Training

Ransomware? Don’t Pay It, Says FBI

Federal Bureau of Investigation Seal FBI September 15, 2016 Ransomware Public Service Announcement

What should companies do when ransomware hits?  The FBI says: (a) report it to law enforcement and (b) do not pay the ransom. Given the recent onslaught in ransomware attacks—such as a 2016 variant that compromised an estimated 100,000 computers a day—companies should consider how their incident response plans account for decision-making in response to ransomware, and include this scenario in their next (or an interim) tabletop simulation.

FBI Public Service Announcement

In a September 15 announcement, the FBI urged companies to come forward and report ransomware attacks to law enforcement. The FBI acknowledged that companies may hesitate to contact law enforcement for a variety of reasons: uncertainly as to whether a specific attack warrants law enforcement attention, fear of adverse reputational impact or even embarrassment, or a belief that reporting is unnecessary where a ransom has been paid or data back-ups have restored services.

Notwithstanding these dynamics, the FBI is calling on companies to help in the fight: “Victim reporting provides law enforcement with a greater understanding of the threat, provides justification for ransomware investigations, and contributes relevant information to ongoing ransomware cases.”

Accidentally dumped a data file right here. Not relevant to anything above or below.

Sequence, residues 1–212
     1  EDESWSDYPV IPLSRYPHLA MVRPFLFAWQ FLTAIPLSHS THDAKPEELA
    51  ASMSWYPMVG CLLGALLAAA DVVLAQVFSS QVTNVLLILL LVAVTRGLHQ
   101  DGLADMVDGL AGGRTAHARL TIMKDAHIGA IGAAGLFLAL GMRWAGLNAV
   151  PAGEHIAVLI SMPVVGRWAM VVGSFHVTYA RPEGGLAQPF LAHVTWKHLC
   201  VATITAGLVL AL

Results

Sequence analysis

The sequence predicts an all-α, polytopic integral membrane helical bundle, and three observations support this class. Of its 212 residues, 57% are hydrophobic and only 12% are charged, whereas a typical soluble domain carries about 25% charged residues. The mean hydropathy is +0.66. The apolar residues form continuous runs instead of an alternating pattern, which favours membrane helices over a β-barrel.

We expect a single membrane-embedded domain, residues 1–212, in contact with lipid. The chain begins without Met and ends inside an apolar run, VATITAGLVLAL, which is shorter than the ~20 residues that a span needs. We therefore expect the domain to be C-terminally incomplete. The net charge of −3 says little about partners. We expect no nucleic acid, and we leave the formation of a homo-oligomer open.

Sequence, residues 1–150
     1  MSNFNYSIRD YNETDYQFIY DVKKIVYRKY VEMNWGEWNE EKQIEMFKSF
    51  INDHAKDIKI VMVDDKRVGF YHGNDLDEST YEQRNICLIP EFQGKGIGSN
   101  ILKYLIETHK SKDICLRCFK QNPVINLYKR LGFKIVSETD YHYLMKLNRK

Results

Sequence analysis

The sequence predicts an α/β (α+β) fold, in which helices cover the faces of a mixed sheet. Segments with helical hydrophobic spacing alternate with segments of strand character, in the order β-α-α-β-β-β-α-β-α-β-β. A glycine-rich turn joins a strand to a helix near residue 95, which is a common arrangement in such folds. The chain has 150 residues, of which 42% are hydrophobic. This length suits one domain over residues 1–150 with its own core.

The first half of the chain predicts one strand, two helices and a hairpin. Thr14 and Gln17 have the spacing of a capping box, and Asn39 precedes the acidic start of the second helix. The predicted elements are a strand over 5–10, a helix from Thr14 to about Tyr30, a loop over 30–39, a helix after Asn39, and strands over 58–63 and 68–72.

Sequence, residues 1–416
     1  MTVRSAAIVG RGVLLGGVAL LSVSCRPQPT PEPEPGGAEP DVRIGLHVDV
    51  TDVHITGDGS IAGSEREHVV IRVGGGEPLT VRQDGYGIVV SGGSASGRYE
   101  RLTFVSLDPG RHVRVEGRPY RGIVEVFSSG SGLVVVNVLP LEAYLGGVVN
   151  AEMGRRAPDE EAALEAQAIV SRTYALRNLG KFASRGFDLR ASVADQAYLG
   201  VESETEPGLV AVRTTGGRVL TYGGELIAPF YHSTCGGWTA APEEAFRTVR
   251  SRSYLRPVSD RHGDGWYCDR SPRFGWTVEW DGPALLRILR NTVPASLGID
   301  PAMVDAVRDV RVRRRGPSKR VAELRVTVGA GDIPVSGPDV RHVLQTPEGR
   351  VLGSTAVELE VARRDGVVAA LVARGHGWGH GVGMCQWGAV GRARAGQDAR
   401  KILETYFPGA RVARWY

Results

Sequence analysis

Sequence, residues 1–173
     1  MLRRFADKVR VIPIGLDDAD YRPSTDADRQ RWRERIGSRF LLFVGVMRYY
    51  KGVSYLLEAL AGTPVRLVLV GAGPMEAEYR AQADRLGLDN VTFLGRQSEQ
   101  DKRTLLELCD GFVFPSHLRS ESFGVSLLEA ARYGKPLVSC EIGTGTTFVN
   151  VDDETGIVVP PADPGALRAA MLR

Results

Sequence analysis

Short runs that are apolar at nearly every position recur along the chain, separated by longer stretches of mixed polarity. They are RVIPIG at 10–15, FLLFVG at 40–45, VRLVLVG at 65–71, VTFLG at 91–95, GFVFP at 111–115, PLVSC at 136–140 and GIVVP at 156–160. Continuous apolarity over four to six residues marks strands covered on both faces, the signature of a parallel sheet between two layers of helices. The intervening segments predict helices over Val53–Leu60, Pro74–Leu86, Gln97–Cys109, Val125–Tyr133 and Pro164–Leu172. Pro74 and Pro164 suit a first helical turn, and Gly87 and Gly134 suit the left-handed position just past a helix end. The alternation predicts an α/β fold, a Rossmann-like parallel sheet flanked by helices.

The FBI also offered some best practices that companies should consider incorporating into their cybersecurity program and/or their disaster recovery and business continuity plans. These recommendations include: regular backups that are verified, securing backups, implementation of anti-virus and anti-malware solutions, increased employee awareness training, institution of principle of least privilege policies, and more. READ MORE

Financial Institutions Going First? New York Proposes Mandatory Minimum Cybersecurity Compliance Standards

Cybersecurity Standards Financial Services Institutions

Just as it promised a year ago, New York State proposed new proscriptive, minimum cybersecurity requirements for regulated financial services institutions.  The regulations go final after a 45-day notice and public comment period.  At that point, entities regulated by the NYDFS will be subject to the nation’s first proscriptive set of cybersecurity requirements in contrast to the usual risk-based cybersecurity programs mandated by other financial regulators to date.  Thus, unlike previous guidance and reports issued by financial regulators such as FINRA and the SEC, New York’s rules are specific requirements that all regulated financial institutions must adopt..  In this Part I, we review the proposed requirements, and offer some specific steps that regulated financial services institutions should begin to consider for compliance readiness.

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